Then came payback time. The Indians tortured and murdered the captured men, including Stewart. Despite efforts by the British to restrain them, the warriors spread into the neighboring communities, plundering and burning homes and barns.

The poison of prior conflicts did not end there. Connecticut blamed Pennsylvania for not sending nearby troops to protect the civilian population. Pennsylvania, in turn, blamed Butler for undertaking a foolhardy counterattack before the arrival of reinforcements. In similar fashion, the venomous relations between the Americans and the British explain what came next. Despite the fact that no civilians were killed during the rampage, and despite the fact that the British commander immediately offered sanctuary to those left homeless and restitution for their property, the American press blamed England for the disaster.3 To this day, accounts of the Wyoming Massacre, as it has come to be known, often perpetuate this wartime propaganda.

The Continental Congress did not blame Butler, who was soon promoted to colonel. He continued to serve in the Wyoming Valley and elsewhere along what was then America’s western frontier.

Congress also created a commission to rule on the Connecticut and Pennsylvania boundary dispute. It ultimately decided in favor of Pennsylvania. The decision was based on the fact that Connecticut had made no prior effort to assert its claim for nearly a hundred years, that it had previously (during a boundary dispute with New York) recognized that it was bounded on the west by New York, and that it had never asserted claims to areas of New York and New Jersey that it could have asserted for the same reasons it used in Pennsylvania.4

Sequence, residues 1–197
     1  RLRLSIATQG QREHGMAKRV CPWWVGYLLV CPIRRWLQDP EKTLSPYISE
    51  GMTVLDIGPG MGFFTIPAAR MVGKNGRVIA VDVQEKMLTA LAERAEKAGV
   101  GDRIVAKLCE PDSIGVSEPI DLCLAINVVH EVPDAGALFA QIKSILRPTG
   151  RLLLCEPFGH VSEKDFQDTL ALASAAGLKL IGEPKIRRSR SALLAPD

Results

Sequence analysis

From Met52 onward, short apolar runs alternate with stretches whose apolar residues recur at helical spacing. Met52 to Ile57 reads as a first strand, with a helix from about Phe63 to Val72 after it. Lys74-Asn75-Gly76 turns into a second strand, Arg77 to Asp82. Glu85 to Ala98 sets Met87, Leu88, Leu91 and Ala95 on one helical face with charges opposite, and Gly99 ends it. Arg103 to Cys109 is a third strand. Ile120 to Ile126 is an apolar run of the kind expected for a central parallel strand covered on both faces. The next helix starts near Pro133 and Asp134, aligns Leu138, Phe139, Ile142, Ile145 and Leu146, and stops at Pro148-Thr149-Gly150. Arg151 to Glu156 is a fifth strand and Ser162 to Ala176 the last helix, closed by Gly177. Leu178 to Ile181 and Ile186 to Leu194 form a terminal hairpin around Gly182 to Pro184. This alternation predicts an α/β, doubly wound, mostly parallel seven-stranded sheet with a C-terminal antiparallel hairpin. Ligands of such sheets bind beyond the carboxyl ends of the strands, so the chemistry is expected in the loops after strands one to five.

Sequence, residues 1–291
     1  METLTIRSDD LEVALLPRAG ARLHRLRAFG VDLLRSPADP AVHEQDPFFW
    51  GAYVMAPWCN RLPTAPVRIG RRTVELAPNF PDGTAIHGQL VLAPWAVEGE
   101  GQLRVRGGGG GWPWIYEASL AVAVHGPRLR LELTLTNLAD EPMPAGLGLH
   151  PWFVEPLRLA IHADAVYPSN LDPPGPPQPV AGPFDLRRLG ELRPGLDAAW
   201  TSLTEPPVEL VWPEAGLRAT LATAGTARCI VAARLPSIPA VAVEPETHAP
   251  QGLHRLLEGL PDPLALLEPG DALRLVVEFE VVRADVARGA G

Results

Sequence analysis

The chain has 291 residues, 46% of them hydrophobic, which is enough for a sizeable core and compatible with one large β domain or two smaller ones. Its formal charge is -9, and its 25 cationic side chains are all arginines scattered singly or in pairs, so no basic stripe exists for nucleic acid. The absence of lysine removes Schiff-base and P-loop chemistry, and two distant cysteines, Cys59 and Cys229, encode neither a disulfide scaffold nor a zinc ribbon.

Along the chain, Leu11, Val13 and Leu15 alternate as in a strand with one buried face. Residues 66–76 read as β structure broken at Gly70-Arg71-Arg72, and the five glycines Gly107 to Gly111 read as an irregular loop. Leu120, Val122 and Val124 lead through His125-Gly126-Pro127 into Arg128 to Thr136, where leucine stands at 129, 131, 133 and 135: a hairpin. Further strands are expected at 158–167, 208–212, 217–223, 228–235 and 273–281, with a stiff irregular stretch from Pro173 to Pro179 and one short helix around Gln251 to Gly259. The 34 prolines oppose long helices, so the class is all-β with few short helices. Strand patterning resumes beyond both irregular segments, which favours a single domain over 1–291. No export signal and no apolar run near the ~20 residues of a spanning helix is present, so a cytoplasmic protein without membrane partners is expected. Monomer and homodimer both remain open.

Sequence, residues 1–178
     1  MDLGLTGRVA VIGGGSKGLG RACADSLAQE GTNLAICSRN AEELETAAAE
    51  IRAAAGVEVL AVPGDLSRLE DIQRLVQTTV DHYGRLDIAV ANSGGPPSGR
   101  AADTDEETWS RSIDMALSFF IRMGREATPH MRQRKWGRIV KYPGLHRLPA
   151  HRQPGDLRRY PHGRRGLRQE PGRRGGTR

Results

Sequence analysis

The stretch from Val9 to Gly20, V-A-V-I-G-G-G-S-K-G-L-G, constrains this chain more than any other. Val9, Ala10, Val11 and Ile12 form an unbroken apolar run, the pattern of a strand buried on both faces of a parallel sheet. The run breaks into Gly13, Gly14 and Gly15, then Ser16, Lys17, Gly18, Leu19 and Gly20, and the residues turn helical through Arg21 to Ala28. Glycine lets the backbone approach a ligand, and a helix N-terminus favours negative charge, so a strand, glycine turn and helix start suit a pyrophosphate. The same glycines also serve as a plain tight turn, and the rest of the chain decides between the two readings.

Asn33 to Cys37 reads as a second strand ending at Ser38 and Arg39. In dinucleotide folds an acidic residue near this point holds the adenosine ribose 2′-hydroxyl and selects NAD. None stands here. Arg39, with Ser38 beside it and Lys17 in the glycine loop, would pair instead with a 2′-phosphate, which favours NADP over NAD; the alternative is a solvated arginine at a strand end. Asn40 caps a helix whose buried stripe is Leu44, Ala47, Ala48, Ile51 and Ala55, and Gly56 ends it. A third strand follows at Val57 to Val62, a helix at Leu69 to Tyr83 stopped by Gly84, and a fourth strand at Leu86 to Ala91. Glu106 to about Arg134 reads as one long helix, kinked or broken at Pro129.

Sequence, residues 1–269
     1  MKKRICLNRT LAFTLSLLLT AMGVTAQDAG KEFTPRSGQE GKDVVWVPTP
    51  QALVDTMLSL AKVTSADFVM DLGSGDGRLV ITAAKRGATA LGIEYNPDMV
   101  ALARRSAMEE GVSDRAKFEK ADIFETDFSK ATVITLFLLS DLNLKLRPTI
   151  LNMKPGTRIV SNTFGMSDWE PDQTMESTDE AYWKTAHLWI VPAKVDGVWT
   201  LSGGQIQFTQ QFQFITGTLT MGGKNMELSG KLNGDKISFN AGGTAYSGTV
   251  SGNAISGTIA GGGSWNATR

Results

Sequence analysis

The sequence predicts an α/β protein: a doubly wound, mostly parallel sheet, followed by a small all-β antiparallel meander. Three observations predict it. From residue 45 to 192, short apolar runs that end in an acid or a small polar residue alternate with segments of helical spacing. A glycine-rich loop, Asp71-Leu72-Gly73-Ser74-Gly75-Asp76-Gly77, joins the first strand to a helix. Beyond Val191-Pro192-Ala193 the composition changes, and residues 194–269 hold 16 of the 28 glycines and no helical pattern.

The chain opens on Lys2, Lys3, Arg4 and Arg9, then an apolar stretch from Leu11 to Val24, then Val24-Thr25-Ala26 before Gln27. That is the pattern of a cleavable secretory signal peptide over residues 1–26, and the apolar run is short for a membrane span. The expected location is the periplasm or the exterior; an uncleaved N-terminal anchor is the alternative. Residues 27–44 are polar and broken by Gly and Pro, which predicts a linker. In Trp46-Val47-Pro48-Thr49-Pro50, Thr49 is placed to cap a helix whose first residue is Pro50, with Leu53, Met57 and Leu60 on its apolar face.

Zebulon Butler accepted the ruling. After the Revolution, he worked to validate the settlers’ land titles in Pennsylvania. His efforts led to his being arrested four times, though he was never indicted. Violence erupted again in March 1784 following a flood that wiped out fences, houses, and barns in the valley. When the residents commenced rebuilding, they were driven away and ordered to evacuate by Pennsylvania troops still on active duty. Numerous men, rather than evacuate, hid in nearby caves and engaged in insurgent attacks. Butler was not among them. His fighting days were over.

When Pennsylvania’s troops in the Wyoming Valley were finally discharged, Butler and his fellow settlers returned, and issues involving land titles were eventually resolved. Butler lived out his days in what became Luzerne County, Pennsylvania.